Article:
Over the last six months, the United States oil and gas industry has seen incredible expansion. In June of 2016, the industry claimed 431 active rigs operating in the US. As of June 30, 2017, that number had leapt to 940 active rigs. Seven hundred and fifty-six of those are pumping oil, and 184 are extracting natural gas. The rise in production represents thousands of new jobs created since July of last year.
The last week in June, the United States’ overall rig count fell by a single rig. After 23 straight weeks of robust expansion in which the US oil and gas industry has reached 940 active rigs, the sudden downturn might strike some as a sign of trouble ahead.
Naysayers Believe the Industry Hasn’t Learned Its Lesson
That’s exactly the case for eight hedge funds who have removed approximately $400 million from Permian Basin, a shale deposit in Texas and New Mexico that produces about 2.5 million barrels of oil every day. One portfolio manager hinted that the hedge funds chose to withdraw their funds over fears that the industry might “go crazy” and produce too much shale and oil, ultimately suppressing the price of oil to disastrous levels.
That insight proved to be short-sighted, as the energy sector’s act of small restraint has not only spurred a week straight gain in the price of oil ultimately landing above $45 a barrel. It seems as though the oil and gas industry is keenly aware of how much production is too much, and they’ve pulled back at the right moment.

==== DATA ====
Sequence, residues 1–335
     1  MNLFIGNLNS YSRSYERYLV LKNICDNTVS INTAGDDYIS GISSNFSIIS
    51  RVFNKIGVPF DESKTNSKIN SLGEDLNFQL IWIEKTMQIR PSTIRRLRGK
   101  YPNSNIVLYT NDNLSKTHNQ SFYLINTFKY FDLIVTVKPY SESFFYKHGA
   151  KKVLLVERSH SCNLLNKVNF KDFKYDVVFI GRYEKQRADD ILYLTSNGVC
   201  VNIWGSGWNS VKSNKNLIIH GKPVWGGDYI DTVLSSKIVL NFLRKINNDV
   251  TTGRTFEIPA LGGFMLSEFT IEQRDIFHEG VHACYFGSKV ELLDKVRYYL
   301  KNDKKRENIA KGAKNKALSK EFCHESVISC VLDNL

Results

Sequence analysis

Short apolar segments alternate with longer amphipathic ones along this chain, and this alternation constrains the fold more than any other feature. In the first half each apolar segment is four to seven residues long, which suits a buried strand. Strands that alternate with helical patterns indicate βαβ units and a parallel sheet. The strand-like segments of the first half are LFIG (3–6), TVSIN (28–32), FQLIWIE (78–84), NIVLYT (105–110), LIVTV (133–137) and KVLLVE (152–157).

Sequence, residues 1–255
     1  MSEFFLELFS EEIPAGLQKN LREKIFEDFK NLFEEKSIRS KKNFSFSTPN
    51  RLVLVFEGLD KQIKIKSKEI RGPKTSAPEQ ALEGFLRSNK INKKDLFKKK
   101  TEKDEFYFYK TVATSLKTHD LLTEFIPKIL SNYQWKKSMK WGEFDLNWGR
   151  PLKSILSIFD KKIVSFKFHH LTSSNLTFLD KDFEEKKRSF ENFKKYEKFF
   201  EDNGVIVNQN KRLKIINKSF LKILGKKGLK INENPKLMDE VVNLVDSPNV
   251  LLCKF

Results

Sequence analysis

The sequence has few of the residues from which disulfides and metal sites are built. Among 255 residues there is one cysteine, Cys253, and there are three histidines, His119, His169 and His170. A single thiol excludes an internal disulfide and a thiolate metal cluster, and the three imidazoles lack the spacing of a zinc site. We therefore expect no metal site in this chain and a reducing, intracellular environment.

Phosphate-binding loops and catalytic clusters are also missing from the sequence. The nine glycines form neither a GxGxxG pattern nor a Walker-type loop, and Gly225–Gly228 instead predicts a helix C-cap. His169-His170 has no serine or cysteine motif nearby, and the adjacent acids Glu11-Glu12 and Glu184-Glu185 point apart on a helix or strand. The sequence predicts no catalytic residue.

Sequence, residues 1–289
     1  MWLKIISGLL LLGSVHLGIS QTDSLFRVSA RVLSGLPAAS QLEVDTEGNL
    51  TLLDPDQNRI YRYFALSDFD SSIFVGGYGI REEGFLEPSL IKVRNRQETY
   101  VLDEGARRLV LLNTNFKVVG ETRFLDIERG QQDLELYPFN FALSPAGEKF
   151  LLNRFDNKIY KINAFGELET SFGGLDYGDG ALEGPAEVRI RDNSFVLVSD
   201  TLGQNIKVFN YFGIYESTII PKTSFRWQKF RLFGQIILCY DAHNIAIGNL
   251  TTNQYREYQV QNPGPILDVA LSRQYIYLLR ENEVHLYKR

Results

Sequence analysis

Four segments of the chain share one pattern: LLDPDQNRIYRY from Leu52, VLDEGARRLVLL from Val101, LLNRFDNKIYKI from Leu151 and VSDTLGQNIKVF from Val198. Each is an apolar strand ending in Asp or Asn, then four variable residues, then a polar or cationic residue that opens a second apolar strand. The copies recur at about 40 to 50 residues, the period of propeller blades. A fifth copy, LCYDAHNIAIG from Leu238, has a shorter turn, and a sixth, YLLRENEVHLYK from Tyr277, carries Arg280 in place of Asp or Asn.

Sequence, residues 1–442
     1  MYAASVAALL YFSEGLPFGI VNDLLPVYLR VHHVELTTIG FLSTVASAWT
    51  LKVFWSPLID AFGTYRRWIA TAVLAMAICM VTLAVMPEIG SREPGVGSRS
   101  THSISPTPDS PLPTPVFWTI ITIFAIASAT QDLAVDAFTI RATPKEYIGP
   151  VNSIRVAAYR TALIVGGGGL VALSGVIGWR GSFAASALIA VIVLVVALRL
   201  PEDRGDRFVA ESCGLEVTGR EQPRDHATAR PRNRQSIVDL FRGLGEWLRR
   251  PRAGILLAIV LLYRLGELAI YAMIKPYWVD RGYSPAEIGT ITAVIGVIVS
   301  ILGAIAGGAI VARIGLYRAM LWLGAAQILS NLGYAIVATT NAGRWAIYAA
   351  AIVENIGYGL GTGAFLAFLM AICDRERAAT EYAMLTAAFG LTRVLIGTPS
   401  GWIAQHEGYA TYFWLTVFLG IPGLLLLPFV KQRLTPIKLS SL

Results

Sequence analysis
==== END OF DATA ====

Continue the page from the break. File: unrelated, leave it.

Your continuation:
The Decrease Is a Sign of Self-Control and Forethought
As much as America has suffered from the previous two-year downturn in the oil and gas industry the members of the oil and gas industry felt the pinch more acutely. No matter how severe our pain was when we paid for gas or tried to heat our homes, the energy sector endured those same costs while staring down the barrel of job loss, decreased opportunities, increased regulation, and little hope for change. It was a bleak period.
As the industry emerges, they’re wiser and more efficient. They’ve seen the real cost of aggressive, thoughtless expansion, and it’s a mistake they won’t make again.